I do definitely think it’s a bubble to some degree. AoS + 8th edition definitely spiked it. I’m more interested in next years results, and the year after that. That’s when we’ll see the true mettle of GW. Will they accept less profitable spikes to support a better game, or will they try to keep things in a state of constant upheaval to drive impulse sales.

      • Good point. I suppose we will see 🙂

    • Munn

      So how are you rationalizing away the flat 50% increase in revenue? Yeah, stock price is obviously inflated, but it’s inflated because speculators are noticing the insane revenue growth and making bets.

      • Nikita Kuznetsov

        I think revenue spike mainly comes from 3 things:
        – 40k reboot with 8th edition. From what I heard in the Web (mountain of salt included) GW sold at least 350000 of 8ed starter sets (Dark Imperium) and 450000 copies of standalone rulebook. Even this rumour is a half true it is still a wast amount of money;
        – royalties from various video games (Total War: Warhammer and Warhammer 2 to say at least) and other IP. GW get a lot of money from licenses in recent years. My estimate is between 5 to 10 millions of pounds;
        – surplus from currency exchange rates. GW greatly wins from converting much of overseas purchases (direct orders from webstore) from prices in pounds to prices in US dollars. Pound lost a lot against USD. For example, I live in Russia, and when this change (Pound to USD) happened all GW products are +40% up for me and other customers who must convert their roubles to USD but not to British Pound. My estimate this give GW from 10 to 20 millions of pounds.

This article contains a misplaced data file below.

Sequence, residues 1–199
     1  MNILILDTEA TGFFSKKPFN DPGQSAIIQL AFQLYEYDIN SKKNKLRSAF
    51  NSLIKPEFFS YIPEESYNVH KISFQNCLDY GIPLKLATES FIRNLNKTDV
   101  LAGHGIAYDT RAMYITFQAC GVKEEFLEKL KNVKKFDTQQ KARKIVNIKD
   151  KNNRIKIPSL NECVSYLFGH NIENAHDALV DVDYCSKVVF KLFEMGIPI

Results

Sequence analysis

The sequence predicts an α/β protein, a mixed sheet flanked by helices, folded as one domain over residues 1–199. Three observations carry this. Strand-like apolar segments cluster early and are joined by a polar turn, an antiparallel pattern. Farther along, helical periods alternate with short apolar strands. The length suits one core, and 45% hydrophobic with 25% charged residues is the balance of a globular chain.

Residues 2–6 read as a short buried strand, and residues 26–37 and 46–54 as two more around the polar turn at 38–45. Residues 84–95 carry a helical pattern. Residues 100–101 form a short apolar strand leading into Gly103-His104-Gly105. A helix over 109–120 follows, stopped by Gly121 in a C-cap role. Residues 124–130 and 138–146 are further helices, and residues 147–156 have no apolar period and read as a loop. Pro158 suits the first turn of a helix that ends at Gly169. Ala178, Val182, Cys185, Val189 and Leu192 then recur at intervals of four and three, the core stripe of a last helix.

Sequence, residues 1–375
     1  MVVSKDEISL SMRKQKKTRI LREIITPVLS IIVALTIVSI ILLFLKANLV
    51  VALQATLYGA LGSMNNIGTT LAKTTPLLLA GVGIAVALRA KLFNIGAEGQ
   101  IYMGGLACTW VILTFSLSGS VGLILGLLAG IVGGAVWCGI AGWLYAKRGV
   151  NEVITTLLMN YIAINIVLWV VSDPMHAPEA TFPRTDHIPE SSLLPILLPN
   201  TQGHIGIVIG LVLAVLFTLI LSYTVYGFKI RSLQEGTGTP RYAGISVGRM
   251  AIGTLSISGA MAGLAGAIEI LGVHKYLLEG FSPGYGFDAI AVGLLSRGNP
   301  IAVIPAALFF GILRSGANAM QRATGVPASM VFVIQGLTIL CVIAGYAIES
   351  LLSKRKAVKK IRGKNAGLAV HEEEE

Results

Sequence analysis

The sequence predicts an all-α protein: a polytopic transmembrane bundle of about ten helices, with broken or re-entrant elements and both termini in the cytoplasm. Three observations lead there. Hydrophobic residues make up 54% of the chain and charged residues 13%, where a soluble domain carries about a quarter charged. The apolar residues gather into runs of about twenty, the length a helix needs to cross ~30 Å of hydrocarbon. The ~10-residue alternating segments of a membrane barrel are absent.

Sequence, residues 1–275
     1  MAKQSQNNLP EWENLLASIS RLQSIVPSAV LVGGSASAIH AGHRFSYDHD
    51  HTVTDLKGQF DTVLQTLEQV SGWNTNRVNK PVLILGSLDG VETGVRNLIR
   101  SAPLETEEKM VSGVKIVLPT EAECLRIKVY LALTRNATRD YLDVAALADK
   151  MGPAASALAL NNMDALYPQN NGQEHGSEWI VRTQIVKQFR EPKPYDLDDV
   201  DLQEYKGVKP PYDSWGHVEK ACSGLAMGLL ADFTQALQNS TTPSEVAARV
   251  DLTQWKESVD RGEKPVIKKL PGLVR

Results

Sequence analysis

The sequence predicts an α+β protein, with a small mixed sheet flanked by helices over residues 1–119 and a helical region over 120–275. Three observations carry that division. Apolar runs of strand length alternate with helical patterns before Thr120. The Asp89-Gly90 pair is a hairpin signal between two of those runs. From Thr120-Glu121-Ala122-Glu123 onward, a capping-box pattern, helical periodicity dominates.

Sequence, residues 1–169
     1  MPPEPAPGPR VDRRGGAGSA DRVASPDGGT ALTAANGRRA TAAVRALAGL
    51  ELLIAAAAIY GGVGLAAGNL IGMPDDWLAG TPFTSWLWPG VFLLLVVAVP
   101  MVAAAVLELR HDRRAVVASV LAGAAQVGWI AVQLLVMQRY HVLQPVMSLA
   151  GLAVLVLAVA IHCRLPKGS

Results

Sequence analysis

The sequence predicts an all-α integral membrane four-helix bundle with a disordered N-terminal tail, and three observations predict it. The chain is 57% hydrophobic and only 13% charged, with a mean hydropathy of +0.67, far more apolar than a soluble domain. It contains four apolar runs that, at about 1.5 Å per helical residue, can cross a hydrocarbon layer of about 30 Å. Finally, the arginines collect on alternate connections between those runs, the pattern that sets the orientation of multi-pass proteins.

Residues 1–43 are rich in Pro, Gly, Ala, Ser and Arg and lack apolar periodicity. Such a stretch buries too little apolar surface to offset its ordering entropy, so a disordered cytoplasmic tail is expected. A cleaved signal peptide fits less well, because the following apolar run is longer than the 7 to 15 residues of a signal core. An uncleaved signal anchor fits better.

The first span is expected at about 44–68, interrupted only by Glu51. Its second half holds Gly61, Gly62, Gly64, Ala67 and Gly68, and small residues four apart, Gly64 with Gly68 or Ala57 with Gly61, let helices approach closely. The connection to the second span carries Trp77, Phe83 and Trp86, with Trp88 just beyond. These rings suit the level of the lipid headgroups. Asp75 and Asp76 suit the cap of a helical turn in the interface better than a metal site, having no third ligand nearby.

Note what GW already has printed a half of 8ed codexes, another half will be printed during second half of bussiness year. These merchandise are must buy for all players who have armies. I think we will see small decrease of income (comparing to the first half of BY) in the second half of BY (5-10%). And a great decrease of income in the next year (10-25%).

        Loss of Alan Bligh was a tremendous hit to the GW in my opinion. Even mistake with W40K 8ed reboot could be cured and used to improve the situation in the future (I have some working variants), but Alan Bligh death is simply an irreparable loss.

    • happy_inquisitor

      Did you even read the article before commenting? Or are you struggling with what p/e is?

      Earnings per share 97.6 (pence)
      Share price 2515 (pence)
      p/e ratio 25.9

      This is at the high end of “average” for p/e rations – which looks perfectly reasonable for a company showing strong revenue growth.

      Despite the fact that it has gone past my personal “investable” price I can see why others would consider it reasonable to buy at ~£25 per share. Even on a pure dividend basis (this is traditionally a dividend stock) the return is better than many alternative investments in the current ultra-low interest environment.

      • Nikita Kuznetsov

        I made the calculation two month ago using actual stock price and earnings to that moment. P/E was around 59,7 if I recall correctly.